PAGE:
Just a Thought… The Other Side of the Counter

I worked retail my first job. And let me tell you, it was a life-changing experience. I experienced a plentitude of the rainbow of life working retail. Ladies changing behind the racks, men with false teeth joking about shooting people, the endless questions over a return policy… I got it all. And it got me thinking–what’s life like on the other side of the counter?


As a customer, you walk into a store with an agenda: you’re there with a purpose, whether that’s to get an item or to browse until you’re satisfied. But on the other side of the counter, you have a job to do. You need to service them as quickly and helpfully and efficiently as possible. You have no idea what plans they have for what they’re buying–and you didn’t spend their trip with them. So when someone gets cranky because “no, that’s not really on sale” I try and cut them a little bit of slack.

But the empathy has to go both ways, I feel. How many times have I walked into a fast food restaurant, waited twenty minutes in a line for food that–let’s be honest–isn’t really worth all this trouble and then faced down an employee without thinking? After I started working my attitude towards the whole system changed. I smiled a lot more, tried to be a bit politer. Yeah, I know there are nice people who do that to me too–and I find them a little odd–but I like ’em a whole lot better than the ones who practically throw a fit over the transaction.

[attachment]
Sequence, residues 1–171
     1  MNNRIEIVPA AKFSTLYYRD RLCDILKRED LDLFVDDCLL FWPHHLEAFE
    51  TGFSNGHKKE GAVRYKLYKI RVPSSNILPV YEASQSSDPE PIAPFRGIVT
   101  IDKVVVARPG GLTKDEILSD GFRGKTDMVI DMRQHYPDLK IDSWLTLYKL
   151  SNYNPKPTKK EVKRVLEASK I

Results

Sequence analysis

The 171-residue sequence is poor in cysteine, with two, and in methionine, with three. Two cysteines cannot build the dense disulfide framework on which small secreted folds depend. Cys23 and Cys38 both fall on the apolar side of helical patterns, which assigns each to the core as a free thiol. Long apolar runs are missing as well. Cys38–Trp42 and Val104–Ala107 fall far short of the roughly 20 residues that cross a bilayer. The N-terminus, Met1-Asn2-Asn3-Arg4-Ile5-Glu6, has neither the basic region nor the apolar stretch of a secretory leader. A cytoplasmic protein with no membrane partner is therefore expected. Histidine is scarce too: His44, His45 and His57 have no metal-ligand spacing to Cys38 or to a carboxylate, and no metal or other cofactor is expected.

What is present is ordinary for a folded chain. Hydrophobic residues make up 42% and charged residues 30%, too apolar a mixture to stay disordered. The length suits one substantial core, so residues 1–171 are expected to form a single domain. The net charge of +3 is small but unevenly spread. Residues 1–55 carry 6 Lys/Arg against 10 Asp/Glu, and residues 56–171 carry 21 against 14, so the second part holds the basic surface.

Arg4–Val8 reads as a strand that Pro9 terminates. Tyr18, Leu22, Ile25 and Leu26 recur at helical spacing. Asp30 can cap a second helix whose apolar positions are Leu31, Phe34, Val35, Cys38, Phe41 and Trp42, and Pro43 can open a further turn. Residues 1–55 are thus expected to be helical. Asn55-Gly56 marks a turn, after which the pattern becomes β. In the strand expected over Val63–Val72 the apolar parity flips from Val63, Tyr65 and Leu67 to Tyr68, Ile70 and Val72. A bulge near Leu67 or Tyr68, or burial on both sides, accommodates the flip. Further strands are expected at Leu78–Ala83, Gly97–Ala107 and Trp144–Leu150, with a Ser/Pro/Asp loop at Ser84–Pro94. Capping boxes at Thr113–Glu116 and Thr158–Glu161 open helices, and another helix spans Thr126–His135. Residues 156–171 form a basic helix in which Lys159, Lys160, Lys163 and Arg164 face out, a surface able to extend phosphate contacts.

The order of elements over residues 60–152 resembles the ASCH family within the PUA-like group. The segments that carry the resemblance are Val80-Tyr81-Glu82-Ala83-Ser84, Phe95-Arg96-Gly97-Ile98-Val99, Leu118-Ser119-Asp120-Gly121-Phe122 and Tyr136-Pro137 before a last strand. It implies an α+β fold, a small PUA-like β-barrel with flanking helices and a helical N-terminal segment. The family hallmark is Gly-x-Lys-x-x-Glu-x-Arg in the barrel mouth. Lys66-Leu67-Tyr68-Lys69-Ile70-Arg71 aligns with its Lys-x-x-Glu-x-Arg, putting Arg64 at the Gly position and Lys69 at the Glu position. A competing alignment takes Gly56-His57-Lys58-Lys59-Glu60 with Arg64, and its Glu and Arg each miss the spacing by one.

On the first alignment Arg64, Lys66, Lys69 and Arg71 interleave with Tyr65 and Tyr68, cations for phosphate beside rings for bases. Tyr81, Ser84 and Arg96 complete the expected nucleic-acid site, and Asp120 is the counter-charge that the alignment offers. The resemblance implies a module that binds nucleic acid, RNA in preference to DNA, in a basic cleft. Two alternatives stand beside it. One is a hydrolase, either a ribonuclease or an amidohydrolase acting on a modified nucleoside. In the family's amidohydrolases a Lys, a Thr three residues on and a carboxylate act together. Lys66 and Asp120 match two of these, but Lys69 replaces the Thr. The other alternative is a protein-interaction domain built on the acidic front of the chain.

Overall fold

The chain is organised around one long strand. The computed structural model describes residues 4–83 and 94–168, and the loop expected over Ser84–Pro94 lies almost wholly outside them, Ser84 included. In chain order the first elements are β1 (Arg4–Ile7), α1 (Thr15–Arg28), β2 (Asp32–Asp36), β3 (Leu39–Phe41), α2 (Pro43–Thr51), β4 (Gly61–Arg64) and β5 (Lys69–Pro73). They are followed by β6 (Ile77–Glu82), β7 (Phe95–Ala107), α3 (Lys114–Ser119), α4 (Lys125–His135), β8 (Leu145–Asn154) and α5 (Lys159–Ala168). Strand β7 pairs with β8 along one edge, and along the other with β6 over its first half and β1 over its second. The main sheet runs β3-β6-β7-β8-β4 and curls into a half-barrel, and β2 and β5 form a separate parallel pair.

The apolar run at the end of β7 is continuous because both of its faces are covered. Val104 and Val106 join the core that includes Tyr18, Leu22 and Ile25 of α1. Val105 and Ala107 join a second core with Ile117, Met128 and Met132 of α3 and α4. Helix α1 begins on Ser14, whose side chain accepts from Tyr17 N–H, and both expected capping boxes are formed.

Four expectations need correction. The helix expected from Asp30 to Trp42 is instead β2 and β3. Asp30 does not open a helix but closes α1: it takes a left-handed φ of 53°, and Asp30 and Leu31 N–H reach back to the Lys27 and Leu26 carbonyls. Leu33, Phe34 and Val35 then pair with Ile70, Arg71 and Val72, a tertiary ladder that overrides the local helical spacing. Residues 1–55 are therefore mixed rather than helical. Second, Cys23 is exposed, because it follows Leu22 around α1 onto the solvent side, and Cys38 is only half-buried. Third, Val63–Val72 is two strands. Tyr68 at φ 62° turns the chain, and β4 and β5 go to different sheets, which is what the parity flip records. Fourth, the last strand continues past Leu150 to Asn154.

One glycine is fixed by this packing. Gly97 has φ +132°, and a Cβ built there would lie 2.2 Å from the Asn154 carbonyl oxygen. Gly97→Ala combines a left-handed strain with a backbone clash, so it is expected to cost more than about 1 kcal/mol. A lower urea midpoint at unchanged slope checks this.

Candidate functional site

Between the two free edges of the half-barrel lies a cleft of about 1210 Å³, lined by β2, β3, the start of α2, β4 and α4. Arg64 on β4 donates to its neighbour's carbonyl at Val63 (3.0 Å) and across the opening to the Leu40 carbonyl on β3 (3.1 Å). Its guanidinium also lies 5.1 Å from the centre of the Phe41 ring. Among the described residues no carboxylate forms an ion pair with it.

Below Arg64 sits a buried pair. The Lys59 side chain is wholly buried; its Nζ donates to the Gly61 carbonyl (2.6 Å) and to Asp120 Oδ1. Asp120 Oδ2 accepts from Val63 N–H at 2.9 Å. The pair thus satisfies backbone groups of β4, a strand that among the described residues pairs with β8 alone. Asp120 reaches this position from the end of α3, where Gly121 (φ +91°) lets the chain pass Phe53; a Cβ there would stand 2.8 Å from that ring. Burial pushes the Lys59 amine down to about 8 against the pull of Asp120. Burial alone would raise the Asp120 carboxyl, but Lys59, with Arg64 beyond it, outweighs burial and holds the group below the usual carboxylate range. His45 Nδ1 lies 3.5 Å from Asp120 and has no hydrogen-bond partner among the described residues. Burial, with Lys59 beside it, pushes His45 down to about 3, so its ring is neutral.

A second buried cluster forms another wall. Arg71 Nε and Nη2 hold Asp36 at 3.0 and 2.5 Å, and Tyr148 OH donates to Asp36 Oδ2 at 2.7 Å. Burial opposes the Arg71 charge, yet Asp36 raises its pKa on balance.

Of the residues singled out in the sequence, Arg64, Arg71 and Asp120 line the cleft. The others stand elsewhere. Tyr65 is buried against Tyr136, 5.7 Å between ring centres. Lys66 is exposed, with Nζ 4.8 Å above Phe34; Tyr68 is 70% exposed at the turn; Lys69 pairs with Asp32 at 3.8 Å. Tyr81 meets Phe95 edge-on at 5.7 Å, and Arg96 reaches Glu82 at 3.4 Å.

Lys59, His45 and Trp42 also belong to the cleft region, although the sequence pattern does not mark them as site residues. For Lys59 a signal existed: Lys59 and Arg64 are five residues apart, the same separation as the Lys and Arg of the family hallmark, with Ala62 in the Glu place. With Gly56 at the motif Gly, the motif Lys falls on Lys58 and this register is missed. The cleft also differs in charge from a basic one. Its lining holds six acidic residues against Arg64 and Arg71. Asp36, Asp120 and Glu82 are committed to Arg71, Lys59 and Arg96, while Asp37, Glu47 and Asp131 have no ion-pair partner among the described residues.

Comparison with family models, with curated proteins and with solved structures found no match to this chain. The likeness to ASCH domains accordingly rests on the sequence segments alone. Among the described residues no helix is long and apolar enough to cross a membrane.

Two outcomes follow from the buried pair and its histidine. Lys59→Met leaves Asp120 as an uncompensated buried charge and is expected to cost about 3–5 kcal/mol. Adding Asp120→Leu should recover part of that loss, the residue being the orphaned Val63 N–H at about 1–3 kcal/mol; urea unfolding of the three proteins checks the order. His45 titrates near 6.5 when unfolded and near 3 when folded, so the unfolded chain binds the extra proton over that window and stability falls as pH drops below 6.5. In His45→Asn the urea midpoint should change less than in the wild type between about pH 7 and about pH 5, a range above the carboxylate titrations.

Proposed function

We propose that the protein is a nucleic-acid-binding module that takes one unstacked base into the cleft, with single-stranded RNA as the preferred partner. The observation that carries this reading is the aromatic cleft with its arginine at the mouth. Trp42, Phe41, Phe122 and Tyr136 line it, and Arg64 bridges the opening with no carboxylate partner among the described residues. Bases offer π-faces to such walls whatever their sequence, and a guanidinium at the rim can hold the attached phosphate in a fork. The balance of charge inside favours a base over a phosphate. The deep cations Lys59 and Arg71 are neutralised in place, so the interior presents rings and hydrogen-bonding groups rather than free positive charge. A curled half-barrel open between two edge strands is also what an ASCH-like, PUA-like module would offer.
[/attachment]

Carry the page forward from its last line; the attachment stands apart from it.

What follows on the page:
There’s that old adage, life is always greener on the other side. Well, I don’t know that anybody has ever envied someone on the other side of the counter. But it’s certainly eye-opening to think about what life’s like there. From both sides of the counter. Here’s my quick list (heh, it’s not even Thursday) about what I’ve learned from my dual role as consumer and employee.

On Employees:

  1. They really are the very ultimate bottom of the totem pole. They won’t know the answers to any really tricky questions. Get a manager.
  2. If an employee has given you a firm, straight answer on a policy, don’t heckle them about it. It’s likely they can’t do anything more about it than you can.
  3. Calling them by their name after reading their nametag might be sweet the first few times, but it just gets weird after a while.
  4. If you’re understanding with them, they will like you 2000% more, even if you have a difficult situation.

On Customers:

  1. Ladies buying for weddings will often be stressed out to the max. Be nice to them.
  2. Even when they’re doing giant returns.
  3. When someone needs to break a hundred, they often came just from the bank. Don’t evade policy–but they’re probably not criminal masterminds, either.
  4. No, customers don’t forget how to read when they enter a store. It’s kinda the store’s fault to if they put X% off in font 50 and everything else in 10.

Working retail has changed my view on working in general. I wouldn’t change it for a thing, but I have changed my views on what the other side of the counter’s like. Just something to think about.

Thanks for reading,




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